Attitude of women toward breast feeding for infant born from HIV positive mothers was assessed by asking questions that prepared to assess attitude whether favorable or unfavorable attitude among women toward breast feeding for infant born form HIV positive mothers and then the women were categorized as having "favorable" or "unfavorable" attitude based on operational definitions. Accordingly, of the total 376 respondents 36 (9.6%) of women had favorable attitude toward breast feeding for infant born from HIV positive mothers.

Concerning respondent’s sources of information about breast feeding and HIV/AIDS 261 (69.4%) women got information from health workers, 173 (46.0%) women got information from mass media, 158 (42.0%) women got information from friends and relatives and 19 (5.1%) women got information from other sources of information (Figure 2).

clinics-mother-child-health-information-about

Figure 2: Show respondent sources of information about breast feeding, and HIV/AIDS Jabi Tihenan woreda, Ethiopia 2012.

Factors associated knowledge and attitude of respondents

As can be noted from the result bivariate and multivariable analysis was conducted to identify factors associated knowledge and attitude. Accordingly, age of women, residence, women educational status, and having counseling about HIV/AIDS were found to be positively associated with women’s knowledge. Age of women found to have significant association with their knowledge. Those women whose age less than 20 years old were 0.19 times less likely to have knowledge about breastfeeding for infant born form HIV positive mothers as compared with those women whose age greater than 35 years (AOR: 0.19, 95% CI: (0.04, 0.85)). Women’s residence was found to have statistical significant with their knowledge. Those women who lived in urban were 3.84 times more likely to have knowledge about breastfeeding for infant born form HIV positive mothers as compared with those women who lived in rural (AOR: 3.84, 95% CI: (1.18, 12.48)). Educational status of women found to have statistically significant association with their knowledge. Those women who were not educated (with illiterate) were 0.05 times less likely to have knowledge about breastfeeding for infant born form HIV positive mothers as compared with women whose educational status college and above classes (AOR: 0.05, 95% CI: (0.02, 0.15)), those women who could read and write only were 0.061 times less likely to have knowledge about breast feeding for infant born form HIV positive mothers as compared with women whose educational status college and above classes (AOR: 0.06, 95% CI: (0.02, 0.17)), those women who attended elementary class were 0.04 times less likely to have knowledge about breast feeding for infant born form HIV positive mothers as compared with women whose educational status college and above classes (AOR: 0.04, 95% CI: (0.01, 0.14)) and those women who attended high school class were 0.17 times less likely to have knowledge about breast feeding for infant born form HIV positive mothers as compared with women whose educational status college and above classes (AOR: 0.17, 95% CI: (0.59,0.49)). Education they had on HIV/AIDS (counseling history) found to have statistically significant association on their knowledge. Those women who had got counseling in health facilities were 3.84 times more likely to have knowledge about breast feeding for infant born form HIV positive mothers as compared with those who hadn’t got counseling (AOR: 3.84, 95% CI: (1.18, 12.46)) (Table 4).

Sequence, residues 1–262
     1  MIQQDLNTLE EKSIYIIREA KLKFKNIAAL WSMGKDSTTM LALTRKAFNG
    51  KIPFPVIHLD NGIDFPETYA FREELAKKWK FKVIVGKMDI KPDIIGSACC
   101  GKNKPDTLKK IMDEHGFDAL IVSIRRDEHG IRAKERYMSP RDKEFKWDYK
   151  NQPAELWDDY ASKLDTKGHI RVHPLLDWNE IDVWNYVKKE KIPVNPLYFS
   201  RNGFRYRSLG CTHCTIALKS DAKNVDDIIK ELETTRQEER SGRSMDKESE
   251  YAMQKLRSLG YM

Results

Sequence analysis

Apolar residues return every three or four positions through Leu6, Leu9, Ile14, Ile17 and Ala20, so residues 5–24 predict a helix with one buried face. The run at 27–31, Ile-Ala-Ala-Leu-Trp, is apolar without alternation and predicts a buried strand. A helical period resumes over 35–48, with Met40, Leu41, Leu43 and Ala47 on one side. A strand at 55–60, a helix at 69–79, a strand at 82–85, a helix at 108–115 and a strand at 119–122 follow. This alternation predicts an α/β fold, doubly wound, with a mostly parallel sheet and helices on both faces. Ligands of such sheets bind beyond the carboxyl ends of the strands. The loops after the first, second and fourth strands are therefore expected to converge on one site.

Variables Knowledge COR (95%CI) AOR (95%CI)
  Sufficient Insufficient    
Age
Less than 20 years 5 25 0.66(0.22, 1.93) 0.185(0.04,0.85)
20-35 years 80 176 1.49 (0.86, 2.60) 0.61 (0.28,1.36)
Greater than 35 years 21 69 1 1
Residence
Urban 91 117 7.93 (4.37, 14.41) 3.84 (1.18, 12.48)
Rural 15 153 1 1
Educational status
Illiterate 20 160 0.02 (0.01, 0.05) 0.05 (0.02, 0.15)
Read and write only 13 58 0.04 (0.02, 0.10) 0.06 (0.02, 0.17)
Elementary 7 23 0.05 (0.02, 0.16) 0.04(0.01, 0.14)
High school 15 20 0.13 (0.05, 0.35) 0.17 (0.59, 0.49)